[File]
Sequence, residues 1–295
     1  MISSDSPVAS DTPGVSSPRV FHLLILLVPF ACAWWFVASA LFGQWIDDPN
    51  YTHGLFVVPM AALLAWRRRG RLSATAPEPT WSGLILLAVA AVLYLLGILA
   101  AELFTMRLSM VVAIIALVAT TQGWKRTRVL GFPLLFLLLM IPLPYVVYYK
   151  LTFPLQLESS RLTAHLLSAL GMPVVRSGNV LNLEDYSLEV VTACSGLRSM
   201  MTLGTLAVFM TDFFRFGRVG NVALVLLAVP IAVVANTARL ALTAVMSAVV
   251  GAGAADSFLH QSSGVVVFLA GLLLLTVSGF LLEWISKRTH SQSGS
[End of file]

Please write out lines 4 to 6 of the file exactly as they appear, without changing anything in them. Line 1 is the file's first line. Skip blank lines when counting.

   101  AELFTMRLSM VVAIIALVAT TQGWKRTRVL GFPLLFLLLM IPLPYVVYYK
   151  LTFPLQLESS RLTAHLLSAL GMPVVRSGNV LNLEDYSLEV VTACSGLRSM
   201  MTLGTLAVFM TDFFRFGRVG NVALVLLAVP IAVVANTARL ALTAVMSAVV